Sound
Raw Frequency Response
6.8
Sound
Bass Accuracy
Std. Err.
5.17 dB
Low-Frequency Extension
10 Hz
Low-Bass
5.82 dB
Mid-Bass
6.41 dB
High-Bass
4.38 dB

Their bass accuracy is okay. The bass is fairly consistently elevated throughout the range, except where it dips and transitions to the mids. This means that in songs like Penny Girl by Cola Boyy, the kick and grooving bassline sound pretty balanced relative to each other. Still, they're thumpy and significantly more dominant in the overall mix than other lead instruments. Depending on your taste, that works for beatmatching, but this amount of bass also sounds very punchy.

9.1
Sound
Mid Accuracy
Std. Err.
1.19 dB
Low-Mid
0.73 dB
Mid-Mid
0.13 dB
High-Mid
-0.72 dB

Their mid accuracy is superb. They reproduce lead instruments like keys and guitar well, with only a slight underemphasis in the high-mid, which can weaken vocals a tiny bit. With real content, the intelligibility of the mids is negatively impacted by the exaggerated bass, which overwhelms the range.

7.4
Sound
Treble Accuracy
Std. Err.
3.88 dB
Low-Treble
-1.37 dB
Mid-Treble
-0.54 dB
High-Treble
-9.18 dB

The Pioneer HDJ-CUE1BT's treble accuracy is decent. Through the low treble, they sound even, which gives a good amount of presence to vocals, although the dip that follows dulls their clarity. A peak in the mid-treble adds a little brightness to cymbal harmonics in an otherwise darker treble range.

7.2
Sound
Peaks/Dips
Peaks
1.91 dB
Dips
1.08 dB

Their peaks and dips performance is satisfactory. The response doesn't exhibit many significant dips and a few peaks, but they control their own sound profile decently well. Their bass range is mostly one big peak. However, the dip in the transition from high bass into the mids carves out some muddiness. The bass itself is overwhelming, which makes lead instruments less forward-sounding. The prominent peaks in the treble add a bit of presence and piercing shrillness to sibilants (S and T sounds). Meanwhile, the dip in the treble dulls the clarity of vocals and cymbals, keeping the overall tuning bassy and warm.

8.0
Sound
Imaging
Weighted Group Delay
0.23
Weighted Phase Mismatch
7.87
Weighted Amplitude Mismatch
1.42
Weighted Frequency Mismatch
1.97

Their imaging is overall great. Our unit has tight bass and transparent treble, with group delay well below the audibility threshold. There's a minor phase mismatch with our unit, shifting the stereo center and volume more to the right side in the mids. However, it's not noticeable when you listen to music and is only truly noticeable during frequency response sweeps. These have good ergonomics, and this is the first pair we've tested by the manufacturer, so it's an encouraging sign of their quality control. Of course, imaging varies between units, so these results are only valid with our unit.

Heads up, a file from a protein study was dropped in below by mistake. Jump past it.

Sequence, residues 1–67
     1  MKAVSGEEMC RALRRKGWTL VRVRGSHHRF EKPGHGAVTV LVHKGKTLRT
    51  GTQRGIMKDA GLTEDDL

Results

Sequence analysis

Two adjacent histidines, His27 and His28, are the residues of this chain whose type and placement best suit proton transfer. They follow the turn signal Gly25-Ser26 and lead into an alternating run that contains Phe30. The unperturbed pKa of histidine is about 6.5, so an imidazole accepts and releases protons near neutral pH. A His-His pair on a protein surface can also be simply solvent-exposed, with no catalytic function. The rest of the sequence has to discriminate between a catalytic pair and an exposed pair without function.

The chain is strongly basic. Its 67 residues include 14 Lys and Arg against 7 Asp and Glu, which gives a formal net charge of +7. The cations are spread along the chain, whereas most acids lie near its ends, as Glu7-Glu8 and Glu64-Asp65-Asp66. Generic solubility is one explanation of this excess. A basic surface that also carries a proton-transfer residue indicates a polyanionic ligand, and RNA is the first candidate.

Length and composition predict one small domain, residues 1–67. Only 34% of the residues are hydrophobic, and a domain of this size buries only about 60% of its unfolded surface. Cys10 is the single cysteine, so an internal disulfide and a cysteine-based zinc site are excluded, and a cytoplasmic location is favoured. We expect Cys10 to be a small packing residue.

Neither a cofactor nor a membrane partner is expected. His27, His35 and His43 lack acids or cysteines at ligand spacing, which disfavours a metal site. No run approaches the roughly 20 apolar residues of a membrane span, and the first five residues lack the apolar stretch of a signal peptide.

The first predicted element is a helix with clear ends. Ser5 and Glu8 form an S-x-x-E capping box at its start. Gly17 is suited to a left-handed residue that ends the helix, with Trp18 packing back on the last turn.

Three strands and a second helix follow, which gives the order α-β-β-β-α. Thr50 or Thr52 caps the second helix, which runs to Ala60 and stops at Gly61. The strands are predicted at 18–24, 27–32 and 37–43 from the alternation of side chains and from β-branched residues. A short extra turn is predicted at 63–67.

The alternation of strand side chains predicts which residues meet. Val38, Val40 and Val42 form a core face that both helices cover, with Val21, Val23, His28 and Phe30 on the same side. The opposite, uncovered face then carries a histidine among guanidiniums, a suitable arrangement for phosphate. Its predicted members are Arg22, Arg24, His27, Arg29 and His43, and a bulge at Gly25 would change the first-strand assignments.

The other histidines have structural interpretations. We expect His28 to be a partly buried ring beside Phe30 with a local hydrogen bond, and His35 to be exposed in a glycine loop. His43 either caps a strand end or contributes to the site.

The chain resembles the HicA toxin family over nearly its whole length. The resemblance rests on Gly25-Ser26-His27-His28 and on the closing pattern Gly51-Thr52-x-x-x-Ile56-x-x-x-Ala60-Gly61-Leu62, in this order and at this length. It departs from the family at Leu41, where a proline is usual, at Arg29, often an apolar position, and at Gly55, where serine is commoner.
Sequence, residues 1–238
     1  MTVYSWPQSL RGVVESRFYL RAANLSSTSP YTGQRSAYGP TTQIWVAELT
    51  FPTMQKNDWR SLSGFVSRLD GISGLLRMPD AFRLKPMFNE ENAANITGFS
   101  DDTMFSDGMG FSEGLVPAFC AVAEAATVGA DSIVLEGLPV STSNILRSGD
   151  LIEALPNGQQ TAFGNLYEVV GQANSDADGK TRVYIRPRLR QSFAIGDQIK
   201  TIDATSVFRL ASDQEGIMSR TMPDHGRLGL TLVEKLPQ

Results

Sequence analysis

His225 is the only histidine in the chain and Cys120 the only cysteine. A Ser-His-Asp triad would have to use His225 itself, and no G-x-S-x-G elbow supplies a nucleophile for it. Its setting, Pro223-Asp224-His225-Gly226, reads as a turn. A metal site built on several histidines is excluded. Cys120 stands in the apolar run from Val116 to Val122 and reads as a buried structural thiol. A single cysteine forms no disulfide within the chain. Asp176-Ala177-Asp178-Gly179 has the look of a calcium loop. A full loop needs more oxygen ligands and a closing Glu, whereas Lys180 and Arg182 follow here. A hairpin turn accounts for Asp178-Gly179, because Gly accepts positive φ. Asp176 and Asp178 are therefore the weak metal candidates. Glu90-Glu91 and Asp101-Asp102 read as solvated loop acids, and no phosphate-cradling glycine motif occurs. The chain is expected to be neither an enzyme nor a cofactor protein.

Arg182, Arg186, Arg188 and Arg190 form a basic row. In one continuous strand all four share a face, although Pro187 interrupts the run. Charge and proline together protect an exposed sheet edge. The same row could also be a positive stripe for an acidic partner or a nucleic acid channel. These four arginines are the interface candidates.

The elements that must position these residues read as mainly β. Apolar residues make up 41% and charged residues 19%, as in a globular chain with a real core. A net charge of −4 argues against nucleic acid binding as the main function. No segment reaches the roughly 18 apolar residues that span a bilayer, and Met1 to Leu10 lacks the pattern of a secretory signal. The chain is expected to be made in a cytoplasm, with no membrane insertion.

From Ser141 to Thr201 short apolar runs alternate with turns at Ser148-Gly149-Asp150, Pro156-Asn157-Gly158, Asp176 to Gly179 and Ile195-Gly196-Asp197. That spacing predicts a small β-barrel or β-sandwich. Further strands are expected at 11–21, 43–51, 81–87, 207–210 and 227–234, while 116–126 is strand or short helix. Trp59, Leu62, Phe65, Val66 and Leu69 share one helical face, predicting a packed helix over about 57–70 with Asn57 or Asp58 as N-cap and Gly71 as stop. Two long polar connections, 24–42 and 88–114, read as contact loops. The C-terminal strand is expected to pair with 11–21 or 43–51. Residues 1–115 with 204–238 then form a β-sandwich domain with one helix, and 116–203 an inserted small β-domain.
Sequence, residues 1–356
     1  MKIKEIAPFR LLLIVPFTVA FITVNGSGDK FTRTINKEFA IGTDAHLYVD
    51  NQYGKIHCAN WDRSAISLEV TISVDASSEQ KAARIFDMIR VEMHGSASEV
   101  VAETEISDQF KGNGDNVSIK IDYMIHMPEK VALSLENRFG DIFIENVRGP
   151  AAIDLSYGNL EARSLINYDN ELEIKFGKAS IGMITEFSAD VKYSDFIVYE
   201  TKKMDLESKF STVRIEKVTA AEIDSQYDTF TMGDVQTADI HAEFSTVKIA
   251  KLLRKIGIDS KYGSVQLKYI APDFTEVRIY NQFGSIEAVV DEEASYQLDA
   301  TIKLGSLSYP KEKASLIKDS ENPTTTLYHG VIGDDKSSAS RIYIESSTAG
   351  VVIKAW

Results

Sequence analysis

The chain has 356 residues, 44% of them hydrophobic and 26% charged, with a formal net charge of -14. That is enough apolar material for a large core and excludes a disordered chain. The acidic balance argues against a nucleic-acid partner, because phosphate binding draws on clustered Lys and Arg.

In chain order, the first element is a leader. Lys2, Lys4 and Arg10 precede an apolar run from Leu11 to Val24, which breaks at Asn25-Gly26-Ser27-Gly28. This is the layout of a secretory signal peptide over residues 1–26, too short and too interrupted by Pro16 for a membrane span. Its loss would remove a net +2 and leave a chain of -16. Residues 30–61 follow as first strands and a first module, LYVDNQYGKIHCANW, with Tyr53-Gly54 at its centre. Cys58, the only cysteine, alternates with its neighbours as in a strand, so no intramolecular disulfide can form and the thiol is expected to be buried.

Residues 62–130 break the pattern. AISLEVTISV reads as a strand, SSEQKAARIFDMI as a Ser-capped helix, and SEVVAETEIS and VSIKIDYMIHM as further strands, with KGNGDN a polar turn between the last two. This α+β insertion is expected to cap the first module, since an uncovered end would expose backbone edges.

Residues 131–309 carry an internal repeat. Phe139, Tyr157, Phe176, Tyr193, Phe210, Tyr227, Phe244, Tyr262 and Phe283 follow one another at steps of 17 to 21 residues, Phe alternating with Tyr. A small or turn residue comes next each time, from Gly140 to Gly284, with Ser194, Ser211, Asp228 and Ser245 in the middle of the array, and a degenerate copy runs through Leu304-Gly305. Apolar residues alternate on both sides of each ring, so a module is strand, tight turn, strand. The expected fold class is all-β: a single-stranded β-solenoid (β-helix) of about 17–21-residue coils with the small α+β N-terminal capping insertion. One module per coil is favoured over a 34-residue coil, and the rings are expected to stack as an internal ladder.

2.7
Sound
Passive Soundstage
PRTF Accuracy (Std. Dev.)
3.65 dB
PRTF Size (Avg.)
0.69 dB
PRTF Distance
3.96 dB
Openness
4.9
Acoustic Space Excitation
0

The Pioneer HDJ-CUE1BT have a terrible passive soundstage. This isn't unusual for closed-back and on-ear headphones, which don't interact with your environment. The effect sounds like your audio comes from inside your head rather than feeling immersive and spaced out within a room.

0
Sound
Virtual Soundstage
Head Modeling
No
Speaker Modeling
No
Room Ambience
No
Head Tracking
No
Virtual Surround
No
8.0
Sound
Weighted Harmonic Distortion
WHD @ 90
0.280
WHD @ 100
0.096

The weighted harmonic distortion is great. They don't add a lot of unwanted distortion to your music at all. Your music sounds mostly clean. While at lower volumes, they elevate distortion somewhat in the highs and low bass; overall, it isn't too bad.

Sound
Test Settings
Firmware
No Firmware
Power
Passive
Connection
Wired
Codec
PCM, 24-bit, 48kHz
EQ
No EQ
ANC
No ANC
Tip/Pad
Default
Microphone
Integrated

These are the settings used to test these headphones. Our results are only valid when used in this configuration.

Isolation
5.0
Isolation
Noise Isolation
Isolation Audio
Overall Attenuation
-14.68 dB
Noise Cancelling No
Bass
0.24 dB
Mid
-11.72 dB
Treble
-33.58 dB

Their isolation performance is disappointing. Like most passive isolating headphones, these leave low-pitched noises like the rumble of bus engines unaffected, so you'll hear those. They block a bit of mid-range noise, like the ambient din of traffic outside or chatter, but not terribly much. However, they significantly reduce high-pitched noises like clinking glasses and shrill brakes on a subway.

10
Isolation
Leakage
Leakage Audio
Overall Leakage @ 1ft
19.54 dB

These have exceptional leakage control. What little escapes in the lows and mids sounds basically imperceptible to passersby. So, you can listen to your guilty pleasure songs without anyone knowing.

Microphone
Microphone
Microphone Style
Integrated
Yes
In-Line
No
Boom
No
Detachable Boom
No
Mic Yes

The microphone system in the ear cups only works when you connect the headphones over Bluetooth. You can't use the mic when you use the headphones passively.

7.2
Microphone
Recording Quality
Recorded Speech
LFE
236.29 Hz